I’ve been a big Greek mythology fan when I was a wee lass, and this book definitely had me smiling all over again as I reminisce the tales of gods and heroes. One of my favorite tales from Greek myth was definitely the Odyssey, and one of the parts I loved of the Odyssey dealt with Circe. So this was up my alley.
by Madeline Miller
Little, Brown and Company, April 2018
Rated: 4 / 5 cookies
In the house of Helios, god of the sun and mightiest of the Titans, a daughter is born. But Circe is a strange child—not powerful, like her father, nor viciously alluring like her mother. Turning to the world of mortals for companionship, she discovers that she does possess power—the power of witchcraft, which can transform rivals into monsters and menace the gods themselves.
Threatened, Zeus banishes her to a deserted island, where she hones her occult craft, tames wild beasts and crosses paths with many of the most famous figures in all of mythology, including the Minotaur, Daedalus and his doomed son Icarus, the murderous Medea, and, of course, wily Odysseus.
But there is danger, too, for a woman who stands alone, and Circe unwittingly draws the wrath of both men and gods, ultimately finding herself pitted against one of the most terrifying and vengeful of the Olympians. To protect what she loves most, Circe must summon all her strength and choose, once and for all, whether she belongs with the gods she is born from, or the mortals she has come to love.
One of my favorite art pieces inspired by The Odyssey was definitely a picture of Circe. She’s encircled by her animals, her topless posture a confident yet alluring figure. Of course, if you took her up on the offer of room and board in her island, you were very much kept as part of her zoo, and most likely slaughtered afterward for a number of reasons.
I read this book with prior knowledge to Greek mythology, so it was seriously a great pleasure to revisit characters I hadn’t read about in years. I’ve always been a big fan of The Odyssey, and it was an adventure story I absolutely loved, because as a child, Odysseus was the Greek hero I compared all other heroes to. He was the cunning soldier, the strategist, the warrior, the family man. He was far from perfect, and it’s his flaws that bring his downfall, but all the same, my standards for Greek heroes was pretty high, and not even
Kevin SorboHercules held a candle.
Odysseus, son of Laertes, the great traveller, prince of wiles and tricks and a thousand ways. He showed me his scars, and in return he let me pretend that I had none.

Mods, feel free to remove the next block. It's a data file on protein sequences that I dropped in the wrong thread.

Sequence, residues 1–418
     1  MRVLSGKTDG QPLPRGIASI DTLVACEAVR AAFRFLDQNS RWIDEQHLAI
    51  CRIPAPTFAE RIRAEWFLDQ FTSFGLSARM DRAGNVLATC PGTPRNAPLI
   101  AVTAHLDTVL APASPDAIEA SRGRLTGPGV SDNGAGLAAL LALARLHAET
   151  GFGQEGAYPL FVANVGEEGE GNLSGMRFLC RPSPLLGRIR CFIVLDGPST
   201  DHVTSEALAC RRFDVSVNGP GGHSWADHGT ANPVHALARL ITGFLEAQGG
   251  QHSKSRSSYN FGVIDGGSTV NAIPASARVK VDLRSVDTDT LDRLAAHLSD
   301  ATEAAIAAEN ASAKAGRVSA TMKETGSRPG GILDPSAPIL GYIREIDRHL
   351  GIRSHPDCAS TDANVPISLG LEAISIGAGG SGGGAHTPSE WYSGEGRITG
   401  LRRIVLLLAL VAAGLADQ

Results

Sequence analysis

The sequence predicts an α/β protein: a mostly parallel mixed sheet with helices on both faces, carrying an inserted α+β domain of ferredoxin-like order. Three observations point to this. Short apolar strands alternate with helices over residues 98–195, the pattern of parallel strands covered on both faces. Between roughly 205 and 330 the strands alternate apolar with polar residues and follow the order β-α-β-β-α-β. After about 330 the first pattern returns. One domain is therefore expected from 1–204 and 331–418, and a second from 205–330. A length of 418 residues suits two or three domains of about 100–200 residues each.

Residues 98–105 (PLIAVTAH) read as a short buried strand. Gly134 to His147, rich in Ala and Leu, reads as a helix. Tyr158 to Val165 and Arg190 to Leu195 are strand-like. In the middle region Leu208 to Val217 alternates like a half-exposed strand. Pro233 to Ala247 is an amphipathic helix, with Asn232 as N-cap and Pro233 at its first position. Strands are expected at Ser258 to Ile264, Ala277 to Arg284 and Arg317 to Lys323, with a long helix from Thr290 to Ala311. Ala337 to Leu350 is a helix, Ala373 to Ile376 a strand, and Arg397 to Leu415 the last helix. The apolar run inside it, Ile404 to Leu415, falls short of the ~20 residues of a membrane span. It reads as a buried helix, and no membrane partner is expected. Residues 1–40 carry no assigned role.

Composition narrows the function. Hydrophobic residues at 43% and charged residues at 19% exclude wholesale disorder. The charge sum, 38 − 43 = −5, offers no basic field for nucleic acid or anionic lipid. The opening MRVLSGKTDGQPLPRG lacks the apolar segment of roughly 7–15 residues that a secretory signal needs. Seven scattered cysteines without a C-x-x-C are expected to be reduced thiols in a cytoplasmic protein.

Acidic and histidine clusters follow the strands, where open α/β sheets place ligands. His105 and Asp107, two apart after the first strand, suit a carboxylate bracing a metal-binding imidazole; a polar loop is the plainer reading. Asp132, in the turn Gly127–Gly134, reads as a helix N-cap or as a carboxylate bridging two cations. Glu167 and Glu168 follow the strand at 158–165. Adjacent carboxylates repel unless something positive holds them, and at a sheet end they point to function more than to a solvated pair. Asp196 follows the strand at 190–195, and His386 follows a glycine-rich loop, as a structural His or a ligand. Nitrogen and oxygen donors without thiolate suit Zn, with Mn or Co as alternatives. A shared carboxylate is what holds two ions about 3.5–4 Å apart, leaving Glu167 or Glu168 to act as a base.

So it’s no surprise that Circe’s story is one I was familiar with, as far as Odysseus was involved. I knew Odysseus was eventually going to make his way back to the clever wife he left behind, but his sojourn at Aeaea was one of my favorite parts of his story. That’s where Circe was, and boy, does she play a part in the hero’s journey (gift from the goddess anyone?). Also, not biased or anything, but the best conversations totally happened between Odysseus and Circe (and then Circe and Daedalus).
I really loved how Miller took Circe and gave her a story. While I was already familiar with Circe’s myth where Odysseus was concerned, I honestly hadn’t delved far enough in her background to tie other characters and stories into her narrative. The whole deal with Scylla was absolutely fascinating to read, and Miller breathes life into the mythos behind other heroes and adventures. Daedalus, for example, makes an appearance, and I absolutely loved this take on the grand craftsman.
There were other characters that showed up, and obviously the characterization for each is the subject of much debate, but Miller does a lovely job playing with their motivations and giving them personality. At times I even thought that the secondary characters had more personality than Circe, which might have been a bad thing to think, but oh well.
Because Circe was written in first person, it was way too easy to see things in the demigoddess’s eyes, and on occasion, this was very difficult to get through, especially since I listened to the audiobook. The rape scene–which pretty much became the turning point of Circe’s outlook on men and humanity–was disturbing at best, harrowing at worst. I literally had to stop listening to the audiobook for days before I could go back to her sweet, sweet vengeance. It was just…ugh, be forewarned.
4 out of 5 cookies! Overall, I really enjoyed this book, and I’ve actually put The Song of Achilles on my list of things to read at a later date.